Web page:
It’s Not Just About the Meat

If we keep using meat as our sole justification for hunting, we’re going to lose that battle every time. Hunting is about far more than just that.

by posted on November 3, 2021
Wild Game Meat

I’ll be frank: I think we’re all lying to ourselves and each other about why we hunt. Ask just about anyone why they hunt and you’ll get surprisingly homogenous answers: First, “for the meat” and then “hunting is conservation,” and somewhere down the list you might hear “it gives me a chance to enjoy the outdoors” and some stuff about tradition and family.  

And while all of that is true, and all of those things are important to us, are these truly genuine answers? There’s this weird unspoken rule in the hunting community that we don’t talk about what I believe is the true reason most of us hunt: We like it. We certainly don’t hide the fact that we enjoy hunting, but we try to pretend it’s way down the list of reasons we do it. Even if you’re the type of hunter who gets emotional and feels a twinge of sadness when you take an animal’s life, you still hunt because you enjoy the experience overall. Hunting is among the most basic and primal instincts we have as humans. We were born to eat meat, therefore born to hunt, and few things connect us with the real roots of humanity as intimately as a successful hunt. You should enjoy that and be proud of it, and you shouldn’t feel like it’s not a good enough reason to hunt by itself. 

Now that we’re not afraid to say we hunt because we like it, we can allow that the reasons we like it include all the aspects listed above, not the least of which is meat. Many of us feed our families all winter from the animals we hunted in the fall, the same way humankind has done since the beginning. 

But in our rush to try to soften hunting’s image and defend it to non-hunters and anti-hunters, we might have taken the meat thing a little too far. How many times have you seen “Don’t shoot it if you’re not going to eat it” or “eat what you kill!” posted on social media? In general, those statements are meant well, but what about the animals we don’t eat? 

Trying to justify hunting by claiming it’s 100 percent about the meat is a failing argument on a couple of levels. One, it’s obviously phony on its face, because absolutely no one (outside true subsistence hunters) says, “Boy, I just really hate hunting, but we need meat in the freezer, so I guess I’ll go shoot a deer.” Two, by the time you factor in time, gear, travel and processing fees or equipment, most of us could save money just buying meat at the grocery store.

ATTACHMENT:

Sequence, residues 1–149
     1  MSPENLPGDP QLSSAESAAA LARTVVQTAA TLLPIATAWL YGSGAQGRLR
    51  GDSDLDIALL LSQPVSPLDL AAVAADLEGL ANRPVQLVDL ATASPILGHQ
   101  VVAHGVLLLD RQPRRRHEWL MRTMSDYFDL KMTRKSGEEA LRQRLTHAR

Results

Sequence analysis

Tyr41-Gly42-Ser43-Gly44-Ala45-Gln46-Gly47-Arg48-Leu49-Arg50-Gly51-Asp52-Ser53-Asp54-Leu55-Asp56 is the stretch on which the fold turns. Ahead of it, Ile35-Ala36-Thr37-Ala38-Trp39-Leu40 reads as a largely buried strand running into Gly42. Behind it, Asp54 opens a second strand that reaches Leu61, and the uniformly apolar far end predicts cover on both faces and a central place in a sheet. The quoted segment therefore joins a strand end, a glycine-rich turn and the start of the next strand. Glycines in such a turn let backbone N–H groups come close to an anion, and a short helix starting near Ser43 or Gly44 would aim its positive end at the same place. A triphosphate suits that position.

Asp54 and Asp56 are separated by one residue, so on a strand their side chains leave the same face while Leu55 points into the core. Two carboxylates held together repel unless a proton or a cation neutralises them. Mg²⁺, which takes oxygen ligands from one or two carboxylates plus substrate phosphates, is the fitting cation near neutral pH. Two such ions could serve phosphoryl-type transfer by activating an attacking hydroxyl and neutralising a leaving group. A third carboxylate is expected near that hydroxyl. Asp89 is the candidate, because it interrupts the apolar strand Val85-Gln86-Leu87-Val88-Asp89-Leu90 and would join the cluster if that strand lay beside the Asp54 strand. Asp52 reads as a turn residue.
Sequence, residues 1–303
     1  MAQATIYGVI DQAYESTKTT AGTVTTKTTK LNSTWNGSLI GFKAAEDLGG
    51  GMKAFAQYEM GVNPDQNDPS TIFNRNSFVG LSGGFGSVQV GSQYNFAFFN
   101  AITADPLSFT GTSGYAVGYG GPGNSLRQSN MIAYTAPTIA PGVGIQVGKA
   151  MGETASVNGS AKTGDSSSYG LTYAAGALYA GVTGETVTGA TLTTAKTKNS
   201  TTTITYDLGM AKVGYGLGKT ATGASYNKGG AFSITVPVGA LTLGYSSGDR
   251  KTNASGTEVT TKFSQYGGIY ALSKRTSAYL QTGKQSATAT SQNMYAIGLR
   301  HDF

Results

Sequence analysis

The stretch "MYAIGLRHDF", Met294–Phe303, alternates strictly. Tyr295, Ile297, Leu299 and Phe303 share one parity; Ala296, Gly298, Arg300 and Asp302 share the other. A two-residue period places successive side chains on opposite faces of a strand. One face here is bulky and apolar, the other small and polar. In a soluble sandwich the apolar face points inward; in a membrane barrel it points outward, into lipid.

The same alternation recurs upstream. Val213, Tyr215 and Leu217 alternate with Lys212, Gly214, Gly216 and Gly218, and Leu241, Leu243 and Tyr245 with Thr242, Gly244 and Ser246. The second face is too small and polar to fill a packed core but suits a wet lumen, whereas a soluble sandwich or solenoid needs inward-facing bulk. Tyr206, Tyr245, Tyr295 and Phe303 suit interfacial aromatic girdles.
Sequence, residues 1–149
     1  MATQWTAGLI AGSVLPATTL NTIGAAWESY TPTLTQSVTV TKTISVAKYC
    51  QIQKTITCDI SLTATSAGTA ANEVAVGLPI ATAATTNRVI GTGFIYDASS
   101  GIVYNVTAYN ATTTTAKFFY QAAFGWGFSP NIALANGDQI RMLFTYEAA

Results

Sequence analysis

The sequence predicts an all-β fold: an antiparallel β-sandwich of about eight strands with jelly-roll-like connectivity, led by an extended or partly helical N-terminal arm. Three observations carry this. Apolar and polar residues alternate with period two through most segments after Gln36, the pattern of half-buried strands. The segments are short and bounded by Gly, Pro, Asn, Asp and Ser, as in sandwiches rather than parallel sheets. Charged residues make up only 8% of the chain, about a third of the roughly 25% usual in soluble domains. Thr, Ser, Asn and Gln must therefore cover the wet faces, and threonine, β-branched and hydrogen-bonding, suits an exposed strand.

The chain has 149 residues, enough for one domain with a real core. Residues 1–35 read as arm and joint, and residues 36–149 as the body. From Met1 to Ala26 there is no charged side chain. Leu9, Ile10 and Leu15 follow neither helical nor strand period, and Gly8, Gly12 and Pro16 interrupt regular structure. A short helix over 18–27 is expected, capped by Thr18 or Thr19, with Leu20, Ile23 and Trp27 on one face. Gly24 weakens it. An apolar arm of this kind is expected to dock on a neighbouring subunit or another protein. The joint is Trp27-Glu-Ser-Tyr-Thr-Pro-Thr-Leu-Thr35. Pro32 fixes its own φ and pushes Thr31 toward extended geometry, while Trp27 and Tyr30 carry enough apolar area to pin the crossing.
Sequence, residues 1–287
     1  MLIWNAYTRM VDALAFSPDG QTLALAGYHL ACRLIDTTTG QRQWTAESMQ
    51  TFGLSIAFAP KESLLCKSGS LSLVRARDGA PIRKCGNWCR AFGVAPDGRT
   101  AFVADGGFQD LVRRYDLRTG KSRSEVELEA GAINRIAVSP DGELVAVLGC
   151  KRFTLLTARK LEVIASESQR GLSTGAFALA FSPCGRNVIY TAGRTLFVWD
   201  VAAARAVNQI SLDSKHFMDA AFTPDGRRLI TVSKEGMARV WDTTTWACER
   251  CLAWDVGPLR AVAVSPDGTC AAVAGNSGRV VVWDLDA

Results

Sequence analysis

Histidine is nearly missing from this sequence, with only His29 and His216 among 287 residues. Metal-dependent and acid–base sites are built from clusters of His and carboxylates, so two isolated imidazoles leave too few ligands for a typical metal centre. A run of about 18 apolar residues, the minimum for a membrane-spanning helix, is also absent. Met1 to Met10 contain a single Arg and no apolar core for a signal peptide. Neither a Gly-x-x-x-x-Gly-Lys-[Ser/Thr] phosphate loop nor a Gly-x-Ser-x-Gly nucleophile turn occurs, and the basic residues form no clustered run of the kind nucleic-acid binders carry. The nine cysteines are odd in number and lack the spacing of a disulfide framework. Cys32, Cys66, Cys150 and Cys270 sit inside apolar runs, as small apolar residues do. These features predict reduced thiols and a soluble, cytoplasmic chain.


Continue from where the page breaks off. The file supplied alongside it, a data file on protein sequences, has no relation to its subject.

Three, and this is the part we don’t like to talk about: We kill stuff we don’t eat all the time. Coyotes. Crows. Prairie dogs. You shouldn’t be shooting ducks or deer or rabbits that you don't intend to eat (in fact, it’s illegal), but trying to make the argument that this is a game animal and that one’s not, so it’s OK not to eat it, is going to go over like a lead balloon with anti-hunters. The whole “we’re only in this for the meat” argument falls apart with just a little bit of scrutiny.

We have to change the way we defend hunting, and in my view, it starts with being honest about why we do it. Yes, it’s for the meat, but it’s also because we enjoy doing it, and there’s nothing wrong with admitting that. My first instinct is to avoid defending hunting at all. It’s legal, I know it has positive effects on the ecosystem and it benefits my family. I am 100 percent certain that I’m on the right side of this, so why would I waste my breath arguing with people who are clearly on the wrong side? But then I have to check my attitude and remember that while the anti-hunters are a small (but vocal) group, the non-hunters make up the bulk of the U.S. population. If we can keep them seeing reason about why hunting should remain a part of the American tradition, they’ll continue to support what we do even if they don’t participate themselves. And that’s a really big deal when it comes to voting and passing legislation that impacts hunters. 

We can’t change the narrative overnight, but I think it would be in our best interests to be a little more honest about why we hunt. Yes, letting meat be the star of the show might help us get there, but if we keep using “I only hunt for the meat” as our sole justification for hunting, almost as if we feel the need to apologize for what we do, we’re going to lose the battle every time. 





Justine Williams Colt Lede
Justine Williams Colt Lede

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